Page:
Dinokeng’s Responsible Tourism, Gauteng

Dinokeng is a destination that has it all. Just west of Pretoria, it has a large Big Five game reserve, it has authentic experiences in townships, rich birdlife, quaint villages like Cullinan and plenty of accommodation. Now it has another asset – its great feel-good factor thanks to its responsible tourism credentials. more

De Zeekoe Fair Trade Farmstay, Oudtshoorn

Close to Oudtshoorn you’ll find a farmstay that boasts rustic accommodation as well as luxury, that is ethically run and where you'll see plenty of birdlife. The most compelling attraction, though, is the famous habituated meerkats. Go and watch them wake up one morning. more

Bontebok and blesbok

Bontebok and blesbok are two similar but distinct antelope species that came close to extinction. These colourful beasts – especially the bontebok – owe their continued existence to a few stubborn landowners, some fences and one of the first examples of a South African conservation ethic. more

Baboons

Baboons are some of the most widespread primates in South Africa. Here you’ll mostly see the Chacma baboon. What is interesting about them is how very intelligent they are. They learn fast, and along the Cape coast, often eat seafood – or brain food. And they’re very entertaining to watch. more

Wildlife conservation safaris

Wildlife conservation safaris offer a fascinating behind-the-scenes insight into the life and work of wildlife veterinarians and park ecologists. Your safari helps to fund vital conservation work for individual species, and you’ll get an experience you’ll never forget. more

Jane Goodall Institute’s Chimpanzee Eden, Mpumalanga

The Jane Goodall Institute’s Chimpanzee Eden, set in a forested reserve between Nelspruit and Barberton, has brought hope, peace and some degree of normality to dozens of traumatised chimpanzees from all over Africa. Visiting the sanctuary is a moving and uplifting experience. more

Blue duikers

Blue duikers, with their otherworldly little Javanese faces and secretive ways, are among the smallest antelope in the world. Hardly larger than a scrub hare, they live a secretive life in forests and thickets. But there is a place where you’re practically assured of a sighting. more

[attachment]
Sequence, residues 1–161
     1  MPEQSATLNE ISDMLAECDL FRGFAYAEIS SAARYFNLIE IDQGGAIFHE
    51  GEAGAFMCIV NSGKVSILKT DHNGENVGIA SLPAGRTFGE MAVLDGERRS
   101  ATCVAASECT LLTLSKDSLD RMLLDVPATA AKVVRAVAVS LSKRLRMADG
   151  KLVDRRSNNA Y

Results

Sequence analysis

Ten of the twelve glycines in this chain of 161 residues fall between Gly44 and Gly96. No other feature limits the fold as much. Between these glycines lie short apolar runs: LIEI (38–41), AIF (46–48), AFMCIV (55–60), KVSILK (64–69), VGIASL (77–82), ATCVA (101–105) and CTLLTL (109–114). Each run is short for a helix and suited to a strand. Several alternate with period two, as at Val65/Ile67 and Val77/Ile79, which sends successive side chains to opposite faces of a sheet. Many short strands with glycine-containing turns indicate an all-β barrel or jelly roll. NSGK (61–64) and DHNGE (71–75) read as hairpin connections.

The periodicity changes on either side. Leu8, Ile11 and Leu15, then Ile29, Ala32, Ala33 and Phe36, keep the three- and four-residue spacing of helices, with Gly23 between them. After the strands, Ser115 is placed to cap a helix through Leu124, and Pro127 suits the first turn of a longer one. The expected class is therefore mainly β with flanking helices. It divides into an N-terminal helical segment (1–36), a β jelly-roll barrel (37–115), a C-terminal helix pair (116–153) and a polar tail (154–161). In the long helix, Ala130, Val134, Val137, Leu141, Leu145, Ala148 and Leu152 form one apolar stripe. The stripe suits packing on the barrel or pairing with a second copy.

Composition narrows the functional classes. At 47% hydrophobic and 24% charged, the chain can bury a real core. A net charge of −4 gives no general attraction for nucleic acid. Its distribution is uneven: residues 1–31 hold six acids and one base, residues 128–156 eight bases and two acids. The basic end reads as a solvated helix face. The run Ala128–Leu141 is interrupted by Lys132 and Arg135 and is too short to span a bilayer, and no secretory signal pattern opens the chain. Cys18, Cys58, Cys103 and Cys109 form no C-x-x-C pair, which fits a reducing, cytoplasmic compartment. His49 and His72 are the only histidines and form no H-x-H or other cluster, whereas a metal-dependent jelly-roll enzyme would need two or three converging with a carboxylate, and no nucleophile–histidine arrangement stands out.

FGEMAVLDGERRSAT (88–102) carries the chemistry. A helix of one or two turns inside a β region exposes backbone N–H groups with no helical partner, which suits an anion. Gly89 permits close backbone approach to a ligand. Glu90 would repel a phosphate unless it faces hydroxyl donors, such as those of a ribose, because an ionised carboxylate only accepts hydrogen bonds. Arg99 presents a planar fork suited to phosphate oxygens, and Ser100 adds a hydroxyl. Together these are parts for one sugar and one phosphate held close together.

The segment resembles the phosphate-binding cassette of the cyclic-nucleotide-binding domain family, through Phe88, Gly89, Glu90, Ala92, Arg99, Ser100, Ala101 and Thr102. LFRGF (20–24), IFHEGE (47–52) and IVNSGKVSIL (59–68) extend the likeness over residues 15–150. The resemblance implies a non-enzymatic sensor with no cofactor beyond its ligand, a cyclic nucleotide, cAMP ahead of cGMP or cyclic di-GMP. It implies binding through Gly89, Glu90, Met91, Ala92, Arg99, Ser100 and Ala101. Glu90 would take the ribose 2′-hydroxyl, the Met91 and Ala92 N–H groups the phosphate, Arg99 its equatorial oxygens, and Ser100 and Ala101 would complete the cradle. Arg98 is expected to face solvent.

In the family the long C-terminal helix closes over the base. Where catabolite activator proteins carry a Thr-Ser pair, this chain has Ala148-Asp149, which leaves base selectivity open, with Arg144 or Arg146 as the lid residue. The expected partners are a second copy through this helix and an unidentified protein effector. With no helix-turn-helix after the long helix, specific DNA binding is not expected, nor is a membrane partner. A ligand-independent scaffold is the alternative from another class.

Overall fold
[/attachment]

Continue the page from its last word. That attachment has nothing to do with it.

Caracals

Caracals, which are very similar to the lynx cats found in the Northern Hemisphere, live secretive lives, mostly emerging in the early dusk to hunt. They are fearless and athletic, their well-developed hindquarters aiding their jumping and climbing abilities. These cats think nothing of bringing down prey far larger than themselves. more

Bushbabies

Bushbabies, also known as galagos, are sweet, furry prosimians that are more closely related to Madagascan lemurs than normal monkeys. With their oversized eyes they hunt for food at night – mostly insects, leaves and tree gum. But it’s by their eerie wails at night that resemble a ghostly crying baby that you’ll first encounter them. more

Kgalagadi Transfrontier Park

The Kgalagadi Transfrontier Park was declared in 2000, formalising an ecological entity that was already there. Tourists loved it, but this inspiring wilderness has given rise to something more. Now there are ideas of linking this gigantic conservation areas to others nearby. Desert ecology and tourism will be the winners. more

Sustainable seafood

Sustainable seafood is only a text message away. If you find yourself in a seafood restaurant and want to make an eco-smart choice by ordering something sustainably harvested, all you have to do is consult the Southern African Sustainable Seafood Initiative – and it’s at your fingertips. more

Biodiversity in South Africa

South Africa’s biodiversity springs from the wealth of its ecosystems. An incredibly long coastline, craggy mountains, species-rich deserts, elephant-friendly thickets, montane forests, treed savannahs along with the incomparable Cape Floral Kingdom makes this one of the world's naturally richest countries. more